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Noren v. Heartland Payment Systems

January 21, 2010

GREG NOREN, PLAINTIFF-APPELLANT,
v.
HEARTLAND PAYMENT SYSTEMS, INC., DEFENDANT-RESPONDENT, AND ROBERT O. CARR, CEO OF HPS, ROBERT BALDWIN, CFO OF HPS, ROBERT MICHAELS, VICE-PRESIDENT OF HPS, ROBERT MARTIN, REGIONAL DIRECTOR OF HPS, SANFORD BROWN, VICE-PRESIDENT OF HPS, DEFENDANTS.



On appeal from the Superior Court of New Jersey, Law Division, Bergen County, Docket No. L-4528-06.

Per curiam.

NOT FOR PUBLICATION WITHOUT THE APPROVAL OF THE APPELLATE DIVISION

Argued: January 4, 2010

Before Judges Axelrad and Fisher.

Plaintiff Greg Noren appeals from the November 7, 2008 order dismissing his complaint with prejudice pursuant to Rule 4:23-2 for failure to comply with discovery orders, and the January 9, 2009 order denying reconsideration. We reverse.

The complaint was originally filed by the law firm of Rosemary DiSavino on June l6, 2007, against defendant, Heartland Payment Systems (HPS). On October 5, 2007, an amended complaint was filed by substituted counsel, Eric Kleiner, which included officers and managers of HPS as additional defendants, asserting the following claims: (1) violation of the New Jersey Conscientious Employee Protection Act (CEPA), N.J.S.A. 34:19-1 to -8; (2) intentional harassment; (3) wrongful discharge; (4) intentional infliction of emotional distress; (5) defamation; (6) false light; (7) fraud; (8) negligent misrepresentation; and (9) breach of contract. On February l4, 2008, plaintiff filed a second amended complaint, which essentially pleaded the same counts as the amended complaint.*fn1 The case was heavily litigated; there were a "volley of motions" filed by the parties and they exchanged voluminous interrogatories and documents.*fn2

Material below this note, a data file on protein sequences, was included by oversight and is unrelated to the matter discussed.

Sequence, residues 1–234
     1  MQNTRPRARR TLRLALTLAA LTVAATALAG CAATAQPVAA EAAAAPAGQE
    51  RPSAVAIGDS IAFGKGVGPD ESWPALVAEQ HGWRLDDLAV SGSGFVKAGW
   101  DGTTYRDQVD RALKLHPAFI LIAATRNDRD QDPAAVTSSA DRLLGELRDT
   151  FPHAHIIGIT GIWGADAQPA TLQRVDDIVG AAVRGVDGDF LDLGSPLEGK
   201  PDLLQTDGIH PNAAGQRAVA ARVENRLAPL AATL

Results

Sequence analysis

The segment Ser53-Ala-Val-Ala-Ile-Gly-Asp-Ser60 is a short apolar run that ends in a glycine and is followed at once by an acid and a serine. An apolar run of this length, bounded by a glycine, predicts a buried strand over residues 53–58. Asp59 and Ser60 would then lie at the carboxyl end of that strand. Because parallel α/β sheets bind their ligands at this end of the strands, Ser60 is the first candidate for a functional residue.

Three orders extending the discovery period were entered by the court, with the last discovery end date set for October l7, 2008.

Plaintiff's CEPA claim included the allegation that he was retaliated against based on conversations he had with co-employees and HPS' customers. A transcription of several of the tapes was provided by DiSavino to HPS. HPS requested production of all of plaintiff's tape recordings, and counsel thereafter discussed the logistics. By letter of May l, 2008, HPS' counsel reiterated his request and suggested the tapes be copied to a single CD. On May 9, 2008, the court entered an order compelling plaintiff to produce his tape recordings of conversations with HPS' employees and third party witnesses within thirty days and to appear for a deposition within that time and continue to appear until it was completed. Plaintiff traveled from his home in Arizona to appear for his deposition in New Jersey on two consecutive days in July 2008. Despite requests by HPS in August and September to schedule additional days, plaintiff's deposition was not completed.